DAVOS, Switzerland French President Nicolas Sarkozy clashed with the head of U.S. bank JP Morgan Chase (JPM.N) at the Davos forum on Thursday, telling him bankers had done things which defied common sense.
Jamie Dimon, credited with having steered JP Morgan through financial turmoil in 2007-08, had earlier in the day lashed out at persistent bank bashing nearly three years after the global credit crisis began, saying it was "unproductive and unfair."
But when he rose at a later session of the World Economic Forum to ask Sarkozy to get the G20 to avoid overregulation of banks, the French president launched into a broadside accusing financiers of behavior that he said had caused the crisis.
"The world has paid with tens of millions of unemployed, who were in no way to blame and who paid for everything," Sarkozy said to Dimon. "It caused a lot of anger."
The French leader also renewed his call for a financial transaction tax to fund development but acknowledged that many G20 countries opposed such a levy. He suggested a small pioneer group of states might go ahead with a tiny levy or some other form of innovative financing to lead the way.
Dimon praised governments for intervening to save the financial system in 2008. But he said the G20 group of major economies, which Sarkozy chairs this year, should take a deep breath before imposing more regulation.
"Too much is too much," he said.
The outspoken Dimon had earlier told a separate panel not all lenders made the same mistakes in the run-up to the crisis.
"Not all banks are the same and I just think that this constant refrain 'bankers, bankers, bankers' is just unproductive and unfair. People should just stop doing that."
He echoed comments by Barclays (BARC.L) CEO Bob Diamond, who told a UK parliamentary committee this month that "the period of remorse and apologies for banks" needed to be over.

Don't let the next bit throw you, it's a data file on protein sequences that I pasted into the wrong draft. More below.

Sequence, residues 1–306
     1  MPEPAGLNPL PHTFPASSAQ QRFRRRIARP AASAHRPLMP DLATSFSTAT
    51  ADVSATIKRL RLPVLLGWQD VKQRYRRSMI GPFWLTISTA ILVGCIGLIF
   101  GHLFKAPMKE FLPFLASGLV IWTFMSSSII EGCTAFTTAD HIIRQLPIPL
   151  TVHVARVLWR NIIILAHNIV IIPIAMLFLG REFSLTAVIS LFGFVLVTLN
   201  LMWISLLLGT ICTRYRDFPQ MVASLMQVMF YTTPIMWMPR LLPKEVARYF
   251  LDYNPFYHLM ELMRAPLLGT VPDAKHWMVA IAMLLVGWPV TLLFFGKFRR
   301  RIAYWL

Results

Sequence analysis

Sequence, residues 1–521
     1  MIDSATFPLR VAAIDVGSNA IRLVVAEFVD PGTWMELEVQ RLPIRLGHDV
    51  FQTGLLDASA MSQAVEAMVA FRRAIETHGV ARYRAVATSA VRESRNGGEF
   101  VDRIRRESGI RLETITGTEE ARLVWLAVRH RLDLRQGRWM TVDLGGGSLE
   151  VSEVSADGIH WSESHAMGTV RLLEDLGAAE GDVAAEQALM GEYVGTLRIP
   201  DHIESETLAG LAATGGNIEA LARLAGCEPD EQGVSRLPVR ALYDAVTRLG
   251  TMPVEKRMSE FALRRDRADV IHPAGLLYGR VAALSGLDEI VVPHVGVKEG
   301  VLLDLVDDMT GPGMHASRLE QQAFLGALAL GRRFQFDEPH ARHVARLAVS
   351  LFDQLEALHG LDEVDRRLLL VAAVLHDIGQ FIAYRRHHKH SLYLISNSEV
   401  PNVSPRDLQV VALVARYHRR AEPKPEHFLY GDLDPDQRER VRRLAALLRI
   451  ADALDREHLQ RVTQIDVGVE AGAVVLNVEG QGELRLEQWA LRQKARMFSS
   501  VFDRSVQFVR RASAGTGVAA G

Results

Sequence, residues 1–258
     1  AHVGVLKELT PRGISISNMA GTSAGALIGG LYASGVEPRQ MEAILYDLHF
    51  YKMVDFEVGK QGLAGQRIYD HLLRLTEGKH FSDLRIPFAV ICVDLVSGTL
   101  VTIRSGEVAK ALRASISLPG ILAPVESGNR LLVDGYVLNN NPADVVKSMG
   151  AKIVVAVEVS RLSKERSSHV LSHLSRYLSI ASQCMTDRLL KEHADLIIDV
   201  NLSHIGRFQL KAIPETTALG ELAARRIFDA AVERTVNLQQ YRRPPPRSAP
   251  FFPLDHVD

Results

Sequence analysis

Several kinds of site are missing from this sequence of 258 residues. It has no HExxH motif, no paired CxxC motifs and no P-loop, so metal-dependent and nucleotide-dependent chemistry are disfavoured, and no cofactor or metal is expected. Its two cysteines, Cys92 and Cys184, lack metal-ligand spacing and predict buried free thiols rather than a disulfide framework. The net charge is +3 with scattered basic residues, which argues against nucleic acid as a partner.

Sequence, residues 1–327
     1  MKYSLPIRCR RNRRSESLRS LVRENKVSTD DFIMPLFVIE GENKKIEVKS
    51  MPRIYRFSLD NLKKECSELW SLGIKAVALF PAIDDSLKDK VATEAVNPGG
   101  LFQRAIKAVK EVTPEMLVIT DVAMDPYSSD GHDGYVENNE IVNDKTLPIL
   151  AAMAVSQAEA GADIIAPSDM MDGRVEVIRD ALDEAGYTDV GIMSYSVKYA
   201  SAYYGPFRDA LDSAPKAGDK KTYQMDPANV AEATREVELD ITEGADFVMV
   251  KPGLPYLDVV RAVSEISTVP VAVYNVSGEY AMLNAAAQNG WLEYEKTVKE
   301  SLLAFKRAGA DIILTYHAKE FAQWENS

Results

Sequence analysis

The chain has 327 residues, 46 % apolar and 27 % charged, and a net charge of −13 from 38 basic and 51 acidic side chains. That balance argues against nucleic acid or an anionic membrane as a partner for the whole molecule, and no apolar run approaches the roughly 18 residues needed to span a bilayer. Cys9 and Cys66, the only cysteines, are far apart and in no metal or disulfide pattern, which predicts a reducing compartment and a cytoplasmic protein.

MARKET OR MADHOUSE?
Sarkozy was having none of it.
"The world was stupefied to see one of five biggest U.S. banks collapse like a house of cards," he told a plenary session of the Davos Forum.
"We saw that for the last 10 years, major institutions in which we thought we could trust had done things which had nothing to do with simple common sense. That's what happened."
The United States government spent hundred of billions of dollars of public money to bail out financial institutions, after the dramatic failure of Lehman Brothers in 2008, through the controversial Troubled Asset Relief Program (TARP).
"Not all banks needed that TARP. Not all banks would have failed," Dimon said at the earlier session. "A lot of banks were stabilizing the problem -- JP Morgan bought Bear Stearns because the U.S. asked us to."
However, Federal Reserve Chairman Ben Bernanke told a U.S. investigative panel last year that the credit crisis surpassed the Great Depression of the 1930s in severity and put 12 of the 13 most important U.S. financial firms at risk of failure.
"If you look at the firms that came under pressure in that period ... only one ... was not at serious risk of failure," he said in comments disclosed earlier on Thursday.
"Even Goldman Sachs (GS.N), we thought there was a real chance that they would go under," he said.
Dimon said his biggest current concern was that "bad policy" could make things worse as the banking industry was on the mend.
Sarkozy said bankers were wrong to resist tough rules. "There is an ocean between flexibility and the scandal we saw," he said. "So if people present me as obsessed with regulation, it's because there is a need for regulation.
"I don't contest the principle of securitization, but when one offshore country guaranteed 700 times its GDP, are we in the market economy or in a madhouse?"
Finally, the French president took aim at bank bonuses.
"Bonuses don't bother me, provided there are also ... draw-downs when there are losses. When things don't work, you can never find anyone responsible. Those who got bumper bonuses for seven years should have made losses in 2008 when things collapsed."
(Reporting by Paul Taylor and Lisa Jucca, writing by Michael Stott, editing by Mike Peacock)
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